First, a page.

Skip to main content
Open Access Publications from the University of California

UC San Diego

UC San Diego Previously Published Works bannerUC San Diego

Let it rip: the mechanics of self-bisection in asexual planarians determines their population reproductive strategies


Asexual freshwater planarians reproduce by transverse bisection (binary fission) into two pieces. This process produces a head and a tail, which fully regenerate within 1-2 weeks. How planarians split into two offspring-using only their musculature and substrate traction-is a challenging biomechanics problem. We found that three different species,Dugesia japonica,Girardia tigrinaandSchmidtea mediterranea, have evolved three different mechanical solutions to self-bisect. Using time lapse imaging of the fission process, we quantitatively characterize the main steps of division in the three species and extract the distinct and shared key features. Across the three species, planarians actively alter their body shape, regulate substrate traction, and use their muscles to generate tensile stresses large enough to overcome the ultimate tensile strength of the tissue. Moreover, we show thathoweach planarian species divides dictates how resources are split among its offspring. This ultimately determines offspring survival and reproductive success. Thus, heterospecific differences in the mechanics of self-bisection of individual worms explain the observed differences in the population reproductive strategies of different planarian species.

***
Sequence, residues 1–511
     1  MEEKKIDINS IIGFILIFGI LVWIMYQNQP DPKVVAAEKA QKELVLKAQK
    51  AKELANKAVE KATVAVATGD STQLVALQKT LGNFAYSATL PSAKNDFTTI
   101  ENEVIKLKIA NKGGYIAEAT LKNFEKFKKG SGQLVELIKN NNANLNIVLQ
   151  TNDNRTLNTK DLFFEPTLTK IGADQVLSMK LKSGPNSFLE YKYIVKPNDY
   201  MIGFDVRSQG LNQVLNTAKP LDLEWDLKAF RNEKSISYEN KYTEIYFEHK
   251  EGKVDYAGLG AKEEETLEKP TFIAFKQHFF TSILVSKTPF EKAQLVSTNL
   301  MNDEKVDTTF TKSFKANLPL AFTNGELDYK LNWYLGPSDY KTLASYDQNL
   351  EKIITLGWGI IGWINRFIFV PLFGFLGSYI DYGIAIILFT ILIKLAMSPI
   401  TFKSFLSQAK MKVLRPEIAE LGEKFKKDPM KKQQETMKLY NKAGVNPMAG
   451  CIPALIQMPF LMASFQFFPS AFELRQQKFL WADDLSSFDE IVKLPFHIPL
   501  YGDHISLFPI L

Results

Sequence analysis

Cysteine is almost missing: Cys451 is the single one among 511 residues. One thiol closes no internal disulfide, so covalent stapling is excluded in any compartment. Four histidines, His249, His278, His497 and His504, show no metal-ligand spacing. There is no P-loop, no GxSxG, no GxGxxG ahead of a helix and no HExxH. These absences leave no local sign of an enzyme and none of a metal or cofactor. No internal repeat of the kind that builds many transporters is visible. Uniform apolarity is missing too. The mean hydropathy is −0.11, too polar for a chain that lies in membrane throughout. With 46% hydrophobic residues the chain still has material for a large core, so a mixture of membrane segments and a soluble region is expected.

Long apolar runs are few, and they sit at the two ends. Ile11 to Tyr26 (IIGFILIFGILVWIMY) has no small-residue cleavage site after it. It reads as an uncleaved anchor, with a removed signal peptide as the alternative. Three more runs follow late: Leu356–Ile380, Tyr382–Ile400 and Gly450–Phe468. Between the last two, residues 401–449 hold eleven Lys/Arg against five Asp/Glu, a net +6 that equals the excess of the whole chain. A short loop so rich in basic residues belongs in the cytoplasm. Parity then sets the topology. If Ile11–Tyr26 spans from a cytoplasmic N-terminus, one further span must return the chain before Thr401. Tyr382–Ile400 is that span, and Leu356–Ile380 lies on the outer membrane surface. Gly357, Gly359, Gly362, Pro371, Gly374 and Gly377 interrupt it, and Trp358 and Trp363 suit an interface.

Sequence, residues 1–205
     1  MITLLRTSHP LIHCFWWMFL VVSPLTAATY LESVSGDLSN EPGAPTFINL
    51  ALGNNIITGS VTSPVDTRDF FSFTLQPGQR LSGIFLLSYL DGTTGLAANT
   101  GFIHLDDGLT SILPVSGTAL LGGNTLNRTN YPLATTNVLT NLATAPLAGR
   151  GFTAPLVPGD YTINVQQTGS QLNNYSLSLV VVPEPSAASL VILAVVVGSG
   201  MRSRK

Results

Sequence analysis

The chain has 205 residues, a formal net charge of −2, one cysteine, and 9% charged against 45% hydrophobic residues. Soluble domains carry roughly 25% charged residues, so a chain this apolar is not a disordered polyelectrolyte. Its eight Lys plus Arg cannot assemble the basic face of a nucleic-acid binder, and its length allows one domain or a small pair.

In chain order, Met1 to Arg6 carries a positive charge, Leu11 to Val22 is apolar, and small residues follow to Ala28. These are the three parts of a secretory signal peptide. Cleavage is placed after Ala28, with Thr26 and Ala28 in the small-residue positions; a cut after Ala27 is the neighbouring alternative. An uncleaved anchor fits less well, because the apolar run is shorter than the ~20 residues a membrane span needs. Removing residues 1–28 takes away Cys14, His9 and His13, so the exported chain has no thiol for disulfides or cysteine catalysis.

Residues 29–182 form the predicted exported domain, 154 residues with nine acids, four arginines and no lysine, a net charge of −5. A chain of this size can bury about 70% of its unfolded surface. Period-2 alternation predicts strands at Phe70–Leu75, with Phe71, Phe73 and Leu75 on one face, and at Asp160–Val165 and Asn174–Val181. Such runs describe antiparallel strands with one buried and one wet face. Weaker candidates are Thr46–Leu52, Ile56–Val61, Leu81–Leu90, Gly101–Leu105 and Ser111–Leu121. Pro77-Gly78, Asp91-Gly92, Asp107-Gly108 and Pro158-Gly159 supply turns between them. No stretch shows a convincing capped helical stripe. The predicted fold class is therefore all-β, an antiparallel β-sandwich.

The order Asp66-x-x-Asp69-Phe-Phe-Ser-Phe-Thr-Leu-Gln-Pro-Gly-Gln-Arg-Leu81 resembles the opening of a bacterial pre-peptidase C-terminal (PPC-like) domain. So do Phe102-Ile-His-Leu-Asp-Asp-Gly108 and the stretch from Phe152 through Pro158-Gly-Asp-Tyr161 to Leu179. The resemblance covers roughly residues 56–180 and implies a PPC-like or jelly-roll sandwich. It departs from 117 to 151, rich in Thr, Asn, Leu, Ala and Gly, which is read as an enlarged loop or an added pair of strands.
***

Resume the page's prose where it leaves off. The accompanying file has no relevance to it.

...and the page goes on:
Many UC-authored scholarly publications are freely available on this site because of the UC's open access policies. Let us know how this access is important for you.

Main Content
For improved accessibility of PDF content, download the file to your device.
Current View